Subject-based banding for good?

By Jee Leong Koh

On 5 March 2019, Singapore’s Ministry of Education announced that it will scrap streaming in secondary schools in 2024 and replace it with subject-based banding. Singapore Unbound supports the abolition of streaming, which has undermined and stigmatized students by labeling them as Express, Normal (Academic), and Normal (Technical). The belated change to subject-based banding, or tracking as it is called in the USA, is an improvement, but it does not go very far in addressing the inequities in the educational system.

Subject-based banding will, in fact, reinforce the false idea that the current system is based on meritocracy. Even with the change, schools will still be measuring student performance based on different student starting points and unequal access to resources (families, schools, and communities). There is no acknowledgement of prevailing social and economic injustices in society, as piercingly described in the study This Is What Inequality Looks Like by sociologist Teo You Yenn.

There must be a re-examination of the way that primary schools evaluate student potential and achievement. If some students enter Primary One already knowing how to read and write in English, and some students don’t, the latter will find it hard, if not impossible, ever to “catch up.” Since all subjects are taught in English, the handicap is severe. Subject-based banding will only lend a thin veneer of legitimacy to different paths through the educational system.

One important way in which the Ministry of Education can begin addressing the problem of inequity is to take on full responsibility for pre-school education to ensure a more level playing field. Right now, pre-school education in Singapore is a patchwork of private operations—some highly expensive, some clearly inadequate—and kindergartens run by the Ministry. By 2023 the Ministry plans to have 50 such kindergartens, providing for a fifth of five- and six-year olds. This is too little and too slow. The Ministry has the wherewithal to do much better by families in Singapore.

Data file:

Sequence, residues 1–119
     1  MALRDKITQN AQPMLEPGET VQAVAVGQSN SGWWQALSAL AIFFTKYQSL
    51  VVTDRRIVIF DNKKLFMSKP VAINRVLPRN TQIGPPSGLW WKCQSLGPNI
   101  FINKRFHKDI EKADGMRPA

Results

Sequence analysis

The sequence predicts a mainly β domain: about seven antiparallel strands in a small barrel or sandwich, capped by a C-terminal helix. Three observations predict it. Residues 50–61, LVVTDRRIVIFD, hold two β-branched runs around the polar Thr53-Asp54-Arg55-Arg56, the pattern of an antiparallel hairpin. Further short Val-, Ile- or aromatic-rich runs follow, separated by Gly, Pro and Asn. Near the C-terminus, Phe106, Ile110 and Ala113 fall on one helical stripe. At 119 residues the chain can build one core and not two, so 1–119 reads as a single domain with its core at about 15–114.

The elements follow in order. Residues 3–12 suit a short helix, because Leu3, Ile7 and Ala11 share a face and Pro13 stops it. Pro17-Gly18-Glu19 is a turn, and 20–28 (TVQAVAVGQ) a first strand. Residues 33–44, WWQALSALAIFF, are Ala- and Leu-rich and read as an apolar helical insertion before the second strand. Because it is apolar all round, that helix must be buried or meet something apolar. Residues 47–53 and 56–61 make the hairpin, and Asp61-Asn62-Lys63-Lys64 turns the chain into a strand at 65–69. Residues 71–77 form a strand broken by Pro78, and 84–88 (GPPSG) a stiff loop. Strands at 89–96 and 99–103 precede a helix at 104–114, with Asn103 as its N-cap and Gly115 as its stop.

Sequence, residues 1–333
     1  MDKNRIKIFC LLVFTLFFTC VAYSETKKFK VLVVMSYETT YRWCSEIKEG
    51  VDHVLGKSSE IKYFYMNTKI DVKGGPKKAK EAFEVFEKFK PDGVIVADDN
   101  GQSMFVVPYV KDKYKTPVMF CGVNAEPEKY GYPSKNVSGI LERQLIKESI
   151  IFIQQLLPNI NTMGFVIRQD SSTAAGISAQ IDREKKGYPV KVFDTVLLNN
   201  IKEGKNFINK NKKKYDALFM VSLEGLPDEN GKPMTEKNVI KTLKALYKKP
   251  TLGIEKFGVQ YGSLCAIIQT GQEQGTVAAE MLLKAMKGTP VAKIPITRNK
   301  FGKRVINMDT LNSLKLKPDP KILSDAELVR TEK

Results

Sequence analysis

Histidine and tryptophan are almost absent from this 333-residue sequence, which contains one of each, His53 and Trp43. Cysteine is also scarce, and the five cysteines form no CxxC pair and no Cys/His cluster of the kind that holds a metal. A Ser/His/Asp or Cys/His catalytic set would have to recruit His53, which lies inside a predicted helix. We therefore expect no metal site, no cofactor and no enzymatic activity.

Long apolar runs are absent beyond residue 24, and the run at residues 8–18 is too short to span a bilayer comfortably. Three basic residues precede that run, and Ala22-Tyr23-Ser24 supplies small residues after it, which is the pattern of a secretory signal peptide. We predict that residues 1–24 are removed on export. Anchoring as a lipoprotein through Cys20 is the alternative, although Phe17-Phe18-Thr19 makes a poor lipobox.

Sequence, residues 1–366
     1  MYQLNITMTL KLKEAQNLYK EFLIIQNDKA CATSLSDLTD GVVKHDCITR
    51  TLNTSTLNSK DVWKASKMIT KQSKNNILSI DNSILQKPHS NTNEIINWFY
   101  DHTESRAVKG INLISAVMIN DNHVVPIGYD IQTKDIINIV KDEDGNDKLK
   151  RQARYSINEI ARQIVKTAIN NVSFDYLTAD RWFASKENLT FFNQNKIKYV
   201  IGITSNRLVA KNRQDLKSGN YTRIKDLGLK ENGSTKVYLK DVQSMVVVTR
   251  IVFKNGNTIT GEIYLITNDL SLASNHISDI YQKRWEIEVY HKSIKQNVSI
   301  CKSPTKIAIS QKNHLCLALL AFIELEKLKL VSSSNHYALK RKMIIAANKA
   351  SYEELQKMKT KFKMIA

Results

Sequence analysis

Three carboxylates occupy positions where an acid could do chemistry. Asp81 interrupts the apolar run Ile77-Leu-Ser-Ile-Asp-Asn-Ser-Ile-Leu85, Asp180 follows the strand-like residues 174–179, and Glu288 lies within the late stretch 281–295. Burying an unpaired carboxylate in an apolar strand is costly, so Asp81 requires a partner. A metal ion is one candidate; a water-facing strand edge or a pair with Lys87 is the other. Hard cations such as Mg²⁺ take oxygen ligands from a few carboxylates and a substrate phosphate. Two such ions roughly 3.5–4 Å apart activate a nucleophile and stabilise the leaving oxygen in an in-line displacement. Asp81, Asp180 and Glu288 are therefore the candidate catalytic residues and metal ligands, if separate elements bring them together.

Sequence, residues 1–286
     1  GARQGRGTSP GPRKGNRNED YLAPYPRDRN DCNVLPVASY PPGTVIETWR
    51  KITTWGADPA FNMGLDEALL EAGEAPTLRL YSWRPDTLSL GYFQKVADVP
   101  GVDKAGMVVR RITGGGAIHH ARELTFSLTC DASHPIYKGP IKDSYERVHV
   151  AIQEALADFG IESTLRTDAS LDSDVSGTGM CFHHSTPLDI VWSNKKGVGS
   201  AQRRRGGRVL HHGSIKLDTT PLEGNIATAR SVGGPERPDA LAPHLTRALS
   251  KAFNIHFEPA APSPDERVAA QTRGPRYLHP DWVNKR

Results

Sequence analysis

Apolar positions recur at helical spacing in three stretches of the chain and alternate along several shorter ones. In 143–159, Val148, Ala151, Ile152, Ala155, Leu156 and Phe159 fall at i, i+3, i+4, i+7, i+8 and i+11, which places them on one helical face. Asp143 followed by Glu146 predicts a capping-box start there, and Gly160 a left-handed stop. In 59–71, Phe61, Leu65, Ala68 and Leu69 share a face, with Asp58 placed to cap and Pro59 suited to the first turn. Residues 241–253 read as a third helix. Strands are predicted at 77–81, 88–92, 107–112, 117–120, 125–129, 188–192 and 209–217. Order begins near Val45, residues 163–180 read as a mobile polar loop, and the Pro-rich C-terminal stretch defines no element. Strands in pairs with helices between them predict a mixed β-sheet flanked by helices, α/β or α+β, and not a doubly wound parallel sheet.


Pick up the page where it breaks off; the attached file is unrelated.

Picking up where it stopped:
On a different tack, subject-based banding is perhaps suitable for the acquisition of technical and scientific knowledge (though even that is arguable), but it is inimical to the study of the humanities. Some subjects in secondary schools, such as literature and history, should be taught in mixed-ability classes. These classes benefit from the different perspectives of students from different backgrounds. Students learn to appreciate a diversity of viewpoints and understand the necessity for interpretation. Such classes also ameliorate the harmful effects of any kind of grouping based ostensibly on “ability.” They teach students the values of democratic citizenship better than any civics class.

We should not look to schools, however, as the panacea to all social ills. Schools are naturally, and some would argue, rightly, conservative institutions. They reflect our society; seldom do they revolutionize it. If Singapore schools treat education in a narrowly instrumental and highly competitive manner, they merely reflect society’s instrumentalism and competition. The change must be cultural. Otherwise, any change in the educational system will be warped from its good intentions by its implementation and reception. Sadly, it is hard to see any such cultural change on the horizon.

This was reproduced with permission from editors of TR Emeritus.


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